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In a US News and World Report article, Ian Quillen identified six signs of a bad online instructor. The list included things like a syllabus that is unclear, no set timetable for responding to emails, and simply converting print resources used in the face-to-face class. Ian’s article was intended to help students access the quality of an online class and be able to withdraw if necessary. However, this list can also be used to help online/hybrid instructors recognize where their course may be in need of improvement.

Additionally, we developed an online teaching resource to help faculty develop or improve their online and hybrid courses. Check out our updated CAT+FD Online/Hybrid Teaching Resources and let us know what you think.

image showing unhappy team member

Most students have mixed feelings about group work and usually moan and groan when they find out they are required to work on a group assignment. This is also true for students taking online classes. Group work is more challenging for online students because they may have to work with peers in different time zones, use different technologies for online collaboration, and communicate in ways that can make it difficult to understand someone’s personality or tone.

Many students cite lack of cooperation, work equity and dependency on others as major factors in disliking group work. Ironically, this is precisely why group work is essential for learning.

Online Group Projects — Yikes! You can hear the moans and groans of students echoing through your computer monitors as you start the first week of your online course. The reasons for requiring a group project vary from one discipline to another, but there are educational and career motives for requiring group projects.

Steven Johnson’s "Where good ideas come from" video gives an excellent explanation as to why group work is important.

Successful online group collaborative assignments can be a challenge in an online course. In a Faculty Focus article, Gregory Wells, instructional designer at Colorado State University, provided a few suggestions for improving online group work assignments. Those suggestions are:

Define the Project - the project should be integrated into the course objectives and not be viewed as an extra assignment or busy work. The project should allow students to practice specific skills based on the objectives of the course and demonstrate the ability to apply learning to a specific project.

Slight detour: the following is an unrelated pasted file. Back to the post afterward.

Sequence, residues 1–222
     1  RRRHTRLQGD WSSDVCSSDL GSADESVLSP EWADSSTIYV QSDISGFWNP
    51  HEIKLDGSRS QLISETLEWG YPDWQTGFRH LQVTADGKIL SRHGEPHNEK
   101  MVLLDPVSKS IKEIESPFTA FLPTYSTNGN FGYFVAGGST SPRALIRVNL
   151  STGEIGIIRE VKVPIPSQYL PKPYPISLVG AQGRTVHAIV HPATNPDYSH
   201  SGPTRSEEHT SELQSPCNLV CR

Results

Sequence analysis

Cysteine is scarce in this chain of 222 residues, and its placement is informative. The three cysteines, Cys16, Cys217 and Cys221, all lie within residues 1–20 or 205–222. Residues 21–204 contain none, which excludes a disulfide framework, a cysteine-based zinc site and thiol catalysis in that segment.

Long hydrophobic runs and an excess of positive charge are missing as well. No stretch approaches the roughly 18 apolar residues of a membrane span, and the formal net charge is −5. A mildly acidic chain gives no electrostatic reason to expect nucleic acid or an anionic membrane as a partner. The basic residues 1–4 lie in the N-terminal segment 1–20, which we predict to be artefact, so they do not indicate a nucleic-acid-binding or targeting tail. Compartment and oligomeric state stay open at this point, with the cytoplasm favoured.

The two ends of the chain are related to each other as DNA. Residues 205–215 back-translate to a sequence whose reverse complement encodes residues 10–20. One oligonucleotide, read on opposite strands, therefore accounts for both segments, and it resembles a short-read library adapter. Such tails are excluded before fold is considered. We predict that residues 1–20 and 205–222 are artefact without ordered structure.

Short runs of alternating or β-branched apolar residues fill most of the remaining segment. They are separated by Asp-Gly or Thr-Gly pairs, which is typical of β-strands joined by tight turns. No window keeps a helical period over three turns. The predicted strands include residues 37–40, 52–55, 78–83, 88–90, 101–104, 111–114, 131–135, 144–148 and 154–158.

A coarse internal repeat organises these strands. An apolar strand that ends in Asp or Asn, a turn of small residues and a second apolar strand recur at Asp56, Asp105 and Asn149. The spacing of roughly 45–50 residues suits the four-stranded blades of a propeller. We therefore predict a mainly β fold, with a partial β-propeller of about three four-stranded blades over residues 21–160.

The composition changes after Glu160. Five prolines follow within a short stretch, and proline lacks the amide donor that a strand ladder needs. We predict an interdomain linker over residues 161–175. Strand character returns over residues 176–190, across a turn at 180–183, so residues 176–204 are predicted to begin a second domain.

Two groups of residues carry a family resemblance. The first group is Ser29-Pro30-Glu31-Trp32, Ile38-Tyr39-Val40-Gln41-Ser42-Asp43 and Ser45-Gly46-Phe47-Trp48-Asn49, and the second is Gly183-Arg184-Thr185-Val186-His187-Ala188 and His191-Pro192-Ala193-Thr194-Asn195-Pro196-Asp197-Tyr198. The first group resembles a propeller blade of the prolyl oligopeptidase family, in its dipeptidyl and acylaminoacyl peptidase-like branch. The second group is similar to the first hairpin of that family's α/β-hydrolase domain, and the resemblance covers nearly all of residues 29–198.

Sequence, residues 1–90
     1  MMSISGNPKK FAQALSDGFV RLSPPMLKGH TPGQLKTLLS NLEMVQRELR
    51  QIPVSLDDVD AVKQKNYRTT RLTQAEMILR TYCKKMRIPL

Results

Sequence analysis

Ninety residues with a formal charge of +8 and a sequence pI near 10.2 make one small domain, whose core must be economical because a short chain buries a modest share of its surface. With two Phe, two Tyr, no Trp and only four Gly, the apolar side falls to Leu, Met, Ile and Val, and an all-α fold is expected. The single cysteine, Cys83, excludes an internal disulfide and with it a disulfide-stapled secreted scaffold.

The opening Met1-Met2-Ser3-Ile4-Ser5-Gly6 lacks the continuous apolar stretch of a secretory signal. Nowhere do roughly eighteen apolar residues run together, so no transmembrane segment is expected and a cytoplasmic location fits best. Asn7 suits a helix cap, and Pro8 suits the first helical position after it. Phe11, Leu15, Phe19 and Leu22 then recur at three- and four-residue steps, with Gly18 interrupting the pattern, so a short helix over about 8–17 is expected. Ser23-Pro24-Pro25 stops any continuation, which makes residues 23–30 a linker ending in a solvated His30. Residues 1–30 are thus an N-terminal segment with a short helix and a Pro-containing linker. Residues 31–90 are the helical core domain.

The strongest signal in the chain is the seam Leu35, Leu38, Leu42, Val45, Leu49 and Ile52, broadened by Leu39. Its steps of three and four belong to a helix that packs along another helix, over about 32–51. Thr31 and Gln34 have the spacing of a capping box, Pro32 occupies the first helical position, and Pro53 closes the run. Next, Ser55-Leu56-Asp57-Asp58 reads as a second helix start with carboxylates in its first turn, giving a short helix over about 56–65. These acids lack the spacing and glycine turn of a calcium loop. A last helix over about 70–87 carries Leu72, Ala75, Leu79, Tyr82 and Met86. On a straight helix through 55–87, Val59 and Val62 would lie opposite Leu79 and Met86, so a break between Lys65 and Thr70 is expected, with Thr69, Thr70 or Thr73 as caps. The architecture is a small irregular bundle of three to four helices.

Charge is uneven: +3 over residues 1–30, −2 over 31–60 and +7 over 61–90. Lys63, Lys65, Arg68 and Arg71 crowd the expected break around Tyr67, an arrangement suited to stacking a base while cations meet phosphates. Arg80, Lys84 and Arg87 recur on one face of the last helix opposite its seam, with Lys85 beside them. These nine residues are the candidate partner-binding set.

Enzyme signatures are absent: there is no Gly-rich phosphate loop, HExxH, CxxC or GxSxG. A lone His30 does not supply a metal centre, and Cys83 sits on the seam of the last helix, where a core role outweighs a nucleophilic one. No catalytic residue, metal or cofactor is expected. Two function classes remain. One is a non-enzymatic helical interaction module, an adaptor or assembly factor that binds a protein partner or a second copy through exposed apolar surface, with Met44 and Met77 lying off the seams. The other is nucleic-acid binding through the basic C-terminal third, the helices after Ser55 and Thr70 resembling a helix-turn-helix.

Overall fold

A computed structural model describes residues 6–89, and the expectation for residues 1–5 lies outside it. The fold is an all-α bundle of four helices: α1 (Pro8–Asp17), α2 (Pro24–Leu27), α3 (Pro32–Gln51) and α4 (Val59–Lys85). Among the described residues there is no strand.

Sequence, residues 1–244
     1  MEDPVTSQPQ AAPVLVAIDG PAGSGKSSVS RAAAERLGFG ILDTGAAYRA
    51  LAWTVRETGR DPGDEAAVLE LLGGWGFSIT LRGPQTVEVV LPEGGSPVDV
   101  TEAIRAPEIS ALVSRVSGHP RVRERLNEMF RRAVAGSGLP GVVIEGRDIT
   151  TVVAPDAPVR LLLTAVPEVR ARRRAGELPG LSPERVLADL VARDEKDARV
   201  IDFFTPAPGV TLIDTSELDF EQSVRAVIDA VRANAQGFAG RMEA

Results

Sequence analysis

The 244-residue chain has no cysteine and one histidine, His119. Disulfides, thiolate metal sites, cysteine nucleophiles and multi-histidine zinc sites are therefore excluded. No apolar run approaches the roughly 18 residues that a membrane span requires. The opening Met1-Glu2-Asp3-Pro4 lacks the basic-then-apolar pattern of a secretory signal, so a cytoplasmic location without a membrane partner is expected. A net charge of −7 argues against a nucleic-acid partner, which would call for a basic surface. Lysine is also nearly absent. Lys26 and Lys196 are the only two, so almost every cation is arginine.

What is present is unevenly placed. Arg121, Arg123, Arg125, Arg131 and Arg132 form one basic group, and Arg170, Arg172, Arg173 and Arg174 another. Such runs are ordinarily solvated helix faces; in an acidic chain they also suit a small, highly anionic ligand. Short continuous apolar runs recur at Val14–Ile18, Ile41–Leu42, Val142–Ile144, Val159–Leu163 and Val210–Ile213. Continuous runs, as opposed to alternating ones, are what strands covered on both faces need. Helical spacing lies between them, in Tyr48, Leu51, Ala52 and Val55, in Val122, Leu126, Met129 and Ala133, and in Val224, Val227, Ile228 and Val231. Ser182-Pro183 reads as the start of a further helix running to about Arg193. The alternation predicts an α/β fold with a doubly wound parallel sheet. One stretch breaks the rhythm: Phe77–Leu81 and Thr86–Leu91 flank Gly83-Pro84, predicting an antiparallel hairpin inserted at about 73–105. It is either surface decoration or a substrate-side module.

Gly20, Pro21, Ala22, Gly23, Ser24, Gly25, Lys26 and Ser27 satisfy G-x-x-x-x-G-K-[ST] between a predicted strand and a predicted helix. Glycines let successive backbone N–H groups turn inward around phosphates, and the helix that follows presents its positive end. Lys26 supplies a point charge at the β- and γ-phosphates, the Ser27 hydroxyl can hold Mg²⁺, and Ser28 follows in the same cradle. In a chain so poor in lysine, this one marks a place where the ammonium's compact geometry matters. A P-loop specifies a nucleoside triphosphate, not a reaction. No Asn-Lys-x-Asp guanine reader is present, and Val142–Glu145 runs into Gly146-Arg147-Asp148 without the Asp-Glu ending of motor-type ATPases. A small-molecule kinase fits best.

Establish Milestones - the project should include specific milestones during the course. For example, require an outline, a project scope, a requirements document, and other pertinent deliverables.
Use the Learning Management System (Brightspace) - offer private group discussion areas and other collaboration tools that will encourage both communication and participation.
Simplify and Clarify Grading - it is imperative that you establish clear grading expectations for the group project.
Provide Encouragement - it is important to encourage and communicate the specific details of the project. Instructors can not assume students have the knowledge, competencies and skills necessary to engage in group work. They must prepare students for the obstacles they may face.

Following Gregory’s suggestions will not eliminate all of the potential issues that come into play with online group work, but these suggestions will certainly minimize the issues and can turn those moans and groans into excited and energized students that understand the importance of group work.

For more information on Gregory’s suggestions, read his article, “Five Steps to Improving Online Group Work Assignments.”

teamwork word cloud

Additionally, you may find helpful information in the following resources:

female staring at sheet of paper she is holding in one hand while holding pencil in the other hand

In a Faculty Focus article, Dr. Linda Shadiow and Dr. Maryellen Weimer suggested using end-of-semester evaluations to get information from your students that can help you develop your teaching persona (the slice of your identity that constitutes the “public teaching self.”)